ANN ARBOR – The Princeton Dictionary of Buddhism, co-authored by University of Michigan Professor Donald Lopez, has been awarded the prestigious Dartmouth Medal for 2015, which honors the most outstanding reference work of the past year according to the American Library Association (ALA).

“If you can apply the word ‘elegant’ to a reference work, this would be the book,” said the ALA in their award announcement.

The dictionary, co-authored with Robert E. Buswell of UCLA, features more than 5,000 entries totaling more than a million words on Buddhism and is the most comprehensive book of its kind in English. It draws from a burgeoning body of scholarship on the religion around the world, as well as centuries of Buddhist literature.

The selection committee praised The Princeton Dictionary of Buddhism for its accessibility to novices as well as its suitability for experts and academics, and for its extensive coverage of the religion, which was born on the Indian subcontinent more than two and a half millennia ago.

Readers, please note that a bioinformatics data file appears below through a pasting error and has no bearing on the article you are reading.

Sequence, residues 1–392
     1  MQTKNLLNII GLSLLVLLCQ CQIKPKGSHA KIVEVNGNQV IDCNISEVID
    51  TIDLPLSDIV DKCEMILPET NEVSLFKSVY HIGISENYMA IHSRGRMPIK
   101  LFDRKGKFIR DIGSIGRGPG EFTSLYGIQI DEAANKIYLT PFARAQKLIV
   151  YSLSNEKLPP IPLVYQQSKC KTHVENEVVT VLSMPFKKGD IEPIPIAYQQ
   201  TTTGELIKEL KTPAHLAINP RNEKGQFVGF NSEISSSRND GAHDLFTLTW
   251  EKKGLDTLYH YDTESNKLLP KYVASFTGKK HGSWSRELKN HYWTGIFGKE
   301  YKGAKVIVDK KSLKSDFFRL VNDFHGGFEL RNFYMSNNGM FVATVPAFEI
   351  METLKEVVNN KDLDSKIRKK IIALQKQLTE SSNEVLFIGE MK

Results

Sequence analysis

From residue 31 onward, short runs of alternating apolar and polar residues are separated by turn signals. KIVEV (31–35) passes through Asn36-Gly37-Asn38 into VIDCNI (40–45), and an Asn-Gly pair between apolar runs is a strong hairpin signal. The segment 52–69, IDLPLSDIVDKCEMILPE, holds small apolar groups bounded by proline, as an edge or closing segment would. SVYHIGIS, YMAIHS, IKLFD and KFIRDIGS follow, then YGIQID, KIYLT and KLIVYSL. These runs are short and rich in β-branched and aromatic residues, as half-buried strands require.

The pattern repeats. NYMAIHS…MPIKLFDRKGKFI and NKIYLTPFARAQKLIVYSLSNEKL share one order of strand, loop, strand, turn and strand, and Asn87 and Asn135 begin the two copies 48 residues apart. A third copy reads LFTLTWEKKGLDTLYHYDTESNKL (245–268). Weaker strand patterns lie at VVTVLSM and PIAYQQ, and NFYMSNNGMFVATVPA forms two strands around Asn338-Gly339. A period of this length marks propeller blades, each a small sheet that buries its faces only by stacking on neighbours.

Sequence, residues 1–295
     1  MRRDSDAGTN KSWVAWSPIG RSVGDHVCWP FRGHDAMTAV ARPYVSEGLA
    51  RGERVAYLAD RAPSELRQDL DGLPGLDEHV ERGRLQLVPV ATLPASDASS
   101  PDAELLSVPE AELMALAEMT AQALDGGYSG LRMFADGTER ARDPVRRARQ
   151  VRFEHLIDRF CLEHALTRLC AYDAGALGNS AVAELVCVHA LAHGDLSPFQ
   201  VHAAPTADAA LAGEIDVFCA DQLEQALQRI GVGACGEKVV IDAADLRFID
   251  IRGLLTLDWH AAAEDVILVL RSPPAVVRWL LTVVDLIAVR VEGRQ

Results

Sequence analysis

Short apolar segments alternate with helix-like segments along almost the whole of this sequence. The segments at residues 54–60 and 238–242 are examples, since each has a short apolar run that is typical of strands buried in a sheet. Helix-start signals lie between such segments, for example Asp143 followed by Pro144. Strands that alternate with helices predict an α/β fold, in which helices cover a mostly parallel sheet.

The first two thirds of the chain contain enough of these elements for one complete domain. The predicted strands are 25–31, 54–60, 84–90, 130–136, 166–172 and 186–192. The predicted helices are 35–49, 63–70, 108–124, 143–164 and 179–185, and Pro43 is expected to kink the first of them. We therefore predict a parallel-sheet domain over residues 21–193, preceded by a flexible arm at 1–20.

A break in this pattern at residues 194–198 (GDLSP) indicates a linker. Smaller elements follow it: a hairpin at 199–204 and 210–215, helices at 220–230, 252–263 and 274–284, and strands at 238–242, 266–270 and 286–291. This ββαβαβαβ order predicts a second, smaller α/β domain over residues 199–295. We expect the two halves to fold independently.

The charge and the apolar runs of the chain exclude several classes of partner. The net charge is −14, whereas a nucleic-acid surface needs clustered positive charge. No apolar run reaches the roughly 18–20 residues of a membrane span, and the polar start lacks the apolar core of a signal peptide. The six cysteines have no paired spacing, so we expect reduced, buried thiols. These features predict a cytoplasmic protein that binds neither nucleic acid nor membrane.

“Robert Buswell and I are deeply honored to have our twelve years of labor on The Princeton Dictionary of Buddhism recognized by the prestigious Dartmouth Medal,” Lopez says of the award. “One of our aims for the dictionary was to represent the Buddhist traditions of Korea and Tibet as extensively as those of India, Southeast Asia, China, and Japan. We wanted to give readers a full sense of the depth, breadth, and richness of the Buddhist traditions over its entire history and its geographical expanse.”

Lopez is the A.E. Link Distinguished University Professor of Buddhist Studies and chair of the Department of Asian Languages and Cultures at the University of Michigan. He and Buswell, another prominent scholar of Buddhism, spent more than a dozen years writing the book, which includes terms from all of the canonical Buddhist languages, including Sanskrit, Pali, Tibetan, Chinese, Japanese, and Korean.

The Dartmouth Medal is the latest in a line of accolades for the work; it was also named by Choice as one of the Top 25 Academic Books of 2014. The Dartmouth Medal will be presented at the ALA Annual Conference in San Francisco in June.

“[The dictionary] is a project that has many great story lines: collaborative research, bicoastal—or at least bi-time zone—cooperation, the power of the public research university, and graduate students as fully acknowledged contributors to a major work of scholarship,” says Lopez. “And it’s proof that everything we hear about the death of the humanities is nonsense.”